I think that somebody made the same suggestion 10 years ago, and we legislated but it did not work. That is why we are where we are. It makes sense to await the Court of Appeal decision before considering fresh legislation. In the meantime, Mr Haw is allowed to continue to protest, so long as—speaking from memory—he remains on the pavement. Whether it would be appropriate to legislate just to deal with Mr Haw is something on which the House would like to reflect.
Given that the Minister for Police told the House that he did not expect any police officers’ jobs to be lost through the cuts but that the former chief constable of Gloucestershire is reported to have said that thousands of police officers’ jobs will be lost as a result of the cuts, may we have a debate on the Government’s dodgy assessments?
With respect to the hon. Gentleman, we had a debate yesterday on precisely that subject. My right hon. Friend the Minister for Police drew attention to the failure of the previous Home Secretary—now the shadow Home Secretary—to make any commitment about retaining police numbers. He was asked on 20 April if he could guarantee that there would no reduction in police numbers and he said no.
So that areas already hard hit by the Labour party’s broken promises on moving public sector jobs to the north do not suffer any more, may we find time for a debate on the distribution of Royal Mail jobs, particularly when we have a melée of a debate about privatisation, so that the 600 workers for Crewe’s second largest employer get the attention that they deserve?
I commend my hon. Friend’s actions to protect local jobs and I have read his comment on ConservativeHome, which records his concern about the Crewe sorting office. I have no time for a debate between now and the summer recess, but legislation about Royal Mail has been trailed in the Queen’s Speech, and that may give him an opportunity to press for the assurances that he seeks.
There are growing concerns that, despite declaring himself the fourth Minister in the Department of Energy and Climate Change as a symbol of his personal commitment to tackling climate change, the Prime Minister is already looking for a pretext to row back from the obligation to get the renewable heat incentive up and running by next April. Will the Leader of the House ask the Prime Minister whether he will come to the House to make a statement to assure us all that there is no rowing back, and that the obligation will be fulfilled? It is crucial for our renewable energy target.
May I ask my right hon. Friend for a debate, for which legislation clearly provides, but that he seems not to wish to have on the Floor of the House, namely on motion 16 on the Order Paper about the new members of the Electoral Commission? Motion 8 on delegated legislation in his name seems determined to remove the subject from the Floor of the House of Commons, where it was originally intended to be debated. May I invite him to reconsider so that we can have a debate about the new Electoral Commissioners?
I am grateful to my hon. Friend. Clearly, we want to make progress on appointing the new members of the Electoral Commission. Of course, the House is entitled to scrutinise the proposals that are on the Order Paper, either by debate on the Floor of the House or through the appropriate Committee.
Given that many people in the country are having to take a pay cut, and that the coalition Government wish to reduce the cost of politics, will the Leader of the House look at early-day motion 453?
[That this House recognises that the economic situation means that many people are taking pay cuts; acknowledges that the Government has stated that it wants to reduce the cost of politics; appreciates the work that Select Committees do but notes with alarm that there are 35 such committees where the Chair can receive £14,582 a year on top of their Parliamentary salary, a total of £510,370 a year; and believes that this cost is becoming untenable.]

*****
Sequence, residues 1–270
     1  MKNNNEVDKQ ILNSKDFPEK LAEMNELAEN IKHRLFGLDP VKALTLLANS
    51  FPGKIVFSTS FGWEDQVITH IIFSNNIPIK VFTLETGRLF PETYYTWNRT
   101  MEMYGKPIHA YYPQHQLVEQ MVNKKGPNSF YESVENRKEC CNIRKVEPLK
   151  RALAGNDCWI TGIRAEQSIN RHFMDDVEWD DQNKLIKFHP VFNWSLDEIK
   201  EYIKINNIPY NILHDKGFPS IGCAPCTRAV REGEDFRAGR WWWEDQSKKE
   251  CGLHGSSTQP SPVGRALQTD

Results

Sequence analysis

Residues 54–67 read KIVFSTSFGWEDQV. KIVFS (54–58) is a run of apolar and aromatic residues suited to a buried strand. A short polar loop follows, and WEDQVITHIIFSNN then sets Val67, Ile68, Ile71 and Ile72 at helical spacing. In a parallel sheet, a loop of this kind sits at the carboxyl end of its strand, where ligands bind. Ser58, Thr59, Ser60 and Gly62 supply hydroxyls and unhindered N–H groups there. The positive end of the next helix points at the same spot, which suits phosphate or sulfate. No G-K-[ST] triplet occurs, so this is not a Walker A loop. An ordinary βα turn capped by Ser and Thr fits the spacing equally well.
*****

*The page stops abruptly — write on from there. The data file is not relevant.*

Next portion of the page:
Will the right hon. Gentleman consider holding a debate on the fact that Select Committee Chairs are paid £14,500 over and above their MP’s salary? No matter how good a job Select Committees do, that might be an opportunity to review whether such payments are tenable under the current economic circumstances.
We had quite a long debate about that in the previous Parliament, and the House decided that it made sense to have an alternative career structure in the House so that the Government did not hoover up all the talent on the Back Benches. A salary for Select Committee Chairmen was seen as part of the development of an alternative career. We have no plans to change the remuneration of Select Committee Chairmen. Speaking from memory, I think that that is now a responsibility of the Senior Salaries Review Body.
I am grateful to my hon. Friend. I propose to respond to the debate myself—I am not sure that that goes quite as far as she hoped. It would be impertinent of me to suggest that you might want to be in the Chair to mark that historic occasion, Mr Speaker. If that is an impertinence, I apologise. However, it is important that Back Benchers of all parties show support for the concept of a Back-Bench Committee choosing its own subjects, and demonstrate that support by attending and seeking to take part in the debate.
For understandable reasons, the Leader of the House may not be aware of the growing international concern about the health of democracy in the Maldives. Opposition Members of Parliament there have been arrested, the judiciary are on strike and the army has been deployed on the streets of the capital. Will he speak to colleagues in the Foreign Office and invite them to make a statement—written or otherwise—on what they are doing to encourage a return to proper democratic processes in the Maldives?
The hon. Gentleman makes a serious point about what is happening in the Maldives. I will communicate with the Foreign Secretary and see whether there is any way he can communicate to the House the action that the Government are taking in response the serious concerns that he expresses.